A moose’s tail
Like others before him, the bull moose came to Santa Fe looking for companionship and left, sedated, in the back of a van. Nicknamed Marty Moose by area residents, he has been spotted frequently in the area—including recently in Tesuque—and is believed to be the same moose espied in the southern Sangre de Cristo Mountains in autumn 2022 and beheld on multiple occasions near Ski Santa Fe throughout the winter. Game & Fish reported Marty’s capture yesterday in downtown Santa Fe near the intersection of Grant Avenue and Rosario Boulevard, where officers tracked him after Santa Fe Animal Control alerted them he had been spotted near Fort Marcy Park in Santa Fe. The department says while moose typically act aggressively toward people and pets, particularly in breeding season, which is now, this one appeared to show no fear. Instead, he was moving further into urban areas, putting himself at risk, along with everyone else. Thus, officers decided to relocate Marty somewhere safer, tranquilized him and loaded all 900 pounds of him onto a trailer. From there, a department vet deemed the moose healthy and he was located to a more “suitable habitat in Northern New Mexico,” specifically, “an area where moose do not currently occur, but closer to adjacent populations in southern Colorado where this moose will hopefully find a happy ending to its long journey.” The department’s wildlife biologists suspect the moose started its journey south from Colorado possibly a few years ago. “I commend all department personnel and City of Santa Fe Animal Safety officers for their efforts to expeditiously capture and relocate the moose in downtown Santa Fe this morning,” Game and Fish Director Mike Sloane said in a statement. “We are happy to see a positive outcome for this moose, who can now thrive in quality habitat where it does not pose a threat to public safety.” Game & Fish also issued a reminder to hunters that moose have protected status and it is illegal to hunt them here.
Santa Fe nonprofit Littleglobe, Inc, will go live at 7 pm tonight with the 12th and latest episode of Littleglobe TV: “Convivio Southside: A celebration of the Southside BY the Southside.” The episode, according to a news release, features “short videos, skits, memes, animations and live hosting by Santa Fe Southside residents. These residents, bridging ages and heritages, worked together to learn the skills to create their own videos and stories, sharing their lives, experiences, hopes and dreams of Santa Fe.” The episode also will include a behind-the-scenes look at the June 17 Convivio Southside Celebration.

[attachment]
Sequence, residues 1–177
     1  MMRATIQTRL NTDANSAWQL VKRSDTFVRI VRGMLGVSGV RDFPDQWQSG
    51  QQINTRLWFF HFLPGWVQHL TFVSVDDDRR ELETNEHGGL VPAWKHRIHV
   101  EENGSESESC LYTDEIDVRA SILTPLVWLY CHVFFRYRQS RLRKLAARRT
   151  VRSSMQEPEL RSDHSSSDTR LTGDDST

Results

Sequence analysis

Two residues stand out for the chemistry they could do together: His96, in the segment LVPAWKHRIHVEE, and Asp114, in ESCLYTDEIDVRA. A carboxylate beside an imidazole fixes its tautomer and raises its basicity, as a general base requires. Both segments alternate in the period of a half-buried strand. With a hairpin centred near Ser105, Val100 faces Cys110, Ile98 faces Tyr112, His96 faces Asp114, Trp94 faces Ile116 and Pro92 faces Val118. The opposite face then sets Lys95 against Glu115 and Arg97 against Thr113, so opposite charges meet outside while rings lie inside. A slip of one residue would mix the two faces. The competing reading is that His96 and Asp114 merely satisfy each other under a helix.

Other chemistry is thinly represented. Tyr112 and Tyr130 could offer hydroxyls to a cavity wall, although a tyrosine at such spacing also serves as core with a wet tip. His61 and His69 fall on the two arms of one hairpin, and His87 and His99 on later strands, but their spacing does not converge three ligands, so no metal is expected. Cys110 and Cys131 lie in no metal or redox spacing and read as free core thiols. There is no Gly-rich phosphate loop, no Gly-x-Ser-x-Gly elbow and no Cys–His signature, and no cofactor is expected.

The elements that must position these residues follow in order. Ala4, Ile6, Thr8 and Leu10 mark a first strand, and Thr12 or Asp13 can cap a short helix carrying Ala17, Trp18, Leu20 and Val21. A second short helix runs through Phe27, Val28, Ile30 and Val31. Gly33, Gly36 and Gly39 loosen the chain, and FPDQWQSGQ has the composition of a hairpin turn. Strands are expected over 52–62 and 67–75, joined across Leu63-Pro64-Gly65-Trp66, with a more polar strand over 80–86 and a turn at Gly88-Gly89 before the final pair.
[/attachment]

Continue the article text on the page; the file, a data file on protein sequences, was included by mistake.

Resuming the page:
NM or bust
Santa Fe finds its way onto many travel lists, but not usually ones for budget travel. Nonetheless, The Travel includes Santa Fe in its roundup of 10 “best budget-friendly vacations for couples.” The city’s “affordability is reflected in its diverse accommodation options, including charming adobe-style guesthouses and cozy inns,” the story claims, citing $59 hotel rooms (and linking to an Expedia page that does, indeed, include some affordable options, primarily on Cerrillos Road). For a gratis trip to New Mexico, Baymont by Wyndham is actively scouting a dog brand ambassador and the winning pooch’s human will receive a $5,000 prize, two nights at a Baymont by Wyndham hotel, a Wyndham Rewards Diamond-level membership and a $5,000 travel stipend to cover all the costs of traveling to Albuquerque for a photoshoot that will take place before the end of February 2024. The deadline to apply is 11:59 pm, Oct. 17. And in slightly belated but nonetheless NM-centric tourist news, a few spots here landed on USA Today’s roundup of the 100 biggest tourist traps in the world: The Four Corners Monument, where New Mexico, Arizona, Colorado and Utah meet, came in first on the list, while Roswell’s International UFO Museum and Research Center landed at #5.
RIP, Bill Richardson
Former Gov. Bill Richardson will lie in state starting at 11 am today through 4 pm at the New Mexico Capitol Rotunda in advance of a mass tomorrow at the Cathedral Basilica of St. Francis of Assisi, followed by a reception back at the state Capitol (find the complete schedule here). Since his death at 75 on Sept. 1, Richardson’s life and career have been the subject of many stories and photo essays. The Washington Post’s photo essay takes a trip back through Richardson’s career as congressman, governor, US ambassador, presidential hopeful and diplomat, while the Cape Cod Times offers glimpses of Richardson’s time on the island, where he was once a member of the Cape Cod Baseball League. NBC News considers Richardson’s relationship to his Latino identity, while New Mexico PBS’s show Report from Santa Fe presents a special in memoriam interview host Lorene Mills conducted with Richardson earlier this year. Richardson appeared on the cover and in the pages of SFR many times, but we are particularly fond of his appearance on the cover of our 2005 Best of Santa Fe edition, one of at least two times readers voted him the city’s best politician.
On cloud nine
The National Weather Service forecasts a 60% chance for precipitation today, with showers likely and possibly a thunderstorm before noon, then scattered showers and thunderstorms after noon. Otherwise, today will be mostly cloudy, with a high temperature near 67 degrees and west wind 5 to 15 mph.
Thanks for reading! The Word intends to employ The Amplifier’s 20-minute cleaning playlist at some point today.